Top 5 Things around the House to Make an Original Christmas Ornament


5
Old Magazines

Old magazines are full of color, and the paper is often a useful combination of lightweight and glossy -- perfect for crafts. Just as vintage advertising posters create a sense of warmth and nostalgia, old magazine ads can become a source of holiday color and character.

Use origami -- the Japanese tradition of creating three-dimensional paper sculpture -- to populate your Christmas tree with miniature animals. You can make cranes, frogs, fish, dragonflies, and crabs -- almost any animal you can think of. Paper is so light that you can put it anywhere on the tree -- even perch a paper bird on a delicate branch, or drape an orchid among the pine needles. You can also use a needle and thread to hang the ornaments.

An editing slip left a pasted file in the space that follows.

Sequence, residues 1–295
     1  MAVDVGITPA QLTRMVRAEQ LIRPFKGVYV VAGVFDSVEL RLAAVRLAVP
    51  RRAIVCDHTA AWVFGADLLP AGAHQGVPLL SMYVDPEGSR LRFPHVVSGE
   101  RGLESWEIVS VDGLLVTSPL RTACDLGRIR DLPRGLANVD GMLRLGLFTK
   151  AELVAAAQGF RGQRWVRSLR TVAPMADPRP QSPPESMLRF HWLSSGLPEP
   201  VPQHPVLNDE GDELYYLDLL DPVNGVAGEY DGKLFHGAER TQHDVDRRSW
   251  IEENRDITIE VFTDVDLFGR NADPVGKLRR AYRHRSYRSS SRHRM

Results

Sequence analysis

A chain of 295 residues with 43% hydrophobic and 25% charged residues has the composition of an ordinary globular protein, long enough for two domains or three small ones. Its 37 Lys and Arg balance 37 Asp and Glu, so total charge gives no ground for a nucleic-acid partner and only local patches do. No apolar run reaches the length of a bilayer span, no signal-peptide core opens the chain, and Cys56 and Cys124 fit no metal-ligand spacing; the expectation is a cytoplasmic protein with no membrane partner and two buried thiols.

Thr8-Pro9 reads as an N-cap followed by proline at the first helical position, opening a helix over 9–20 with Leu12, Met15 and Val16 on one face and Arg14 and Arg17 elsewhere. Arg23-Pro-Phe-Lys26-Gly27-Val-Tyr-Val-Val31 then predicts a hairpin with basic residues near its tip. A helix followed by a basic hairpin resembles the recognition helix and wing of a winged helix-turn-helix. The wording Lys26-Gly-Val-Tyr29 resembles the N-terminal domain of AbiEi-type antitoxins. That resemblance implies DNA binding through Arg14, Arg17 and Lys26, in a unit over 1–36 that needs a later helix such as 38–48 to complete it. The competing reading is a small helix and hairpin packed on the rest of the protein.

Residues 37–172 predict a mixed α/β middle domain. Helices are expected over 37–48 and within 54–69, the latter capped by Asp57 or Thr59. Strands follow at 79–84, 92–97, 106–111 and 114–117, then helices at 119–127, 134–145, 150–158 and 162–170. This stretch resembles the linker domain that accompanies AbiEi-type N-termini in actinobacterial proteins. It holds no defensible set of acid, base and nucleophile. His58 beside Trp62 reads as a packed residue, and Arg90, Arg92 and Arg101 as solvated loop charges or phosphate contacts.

You don't need many tools to create origami, which traditionally uses techniques of folding but not cutting. Use the back of a clean wooden spoon to score your folds so they'll lie flatter. If you want to give the ornaments some permanence, coat them with varnish or polyurethane. A spray can will give you a lighter finish; a sponge brush makes for a thicker, heavier finish.

At the holidays, one of the loveliest ways to use origami is to create many-pointed stars. Some designs interlock up to six different pieces of paper. The individual folds are relatively simple, but you may want to watch a video or check a diagram to see how the pieces interrelate [sources: Barbour, Metacafe].

On the next page, we'll look at a different way to repurpose some old paper you may have around the house.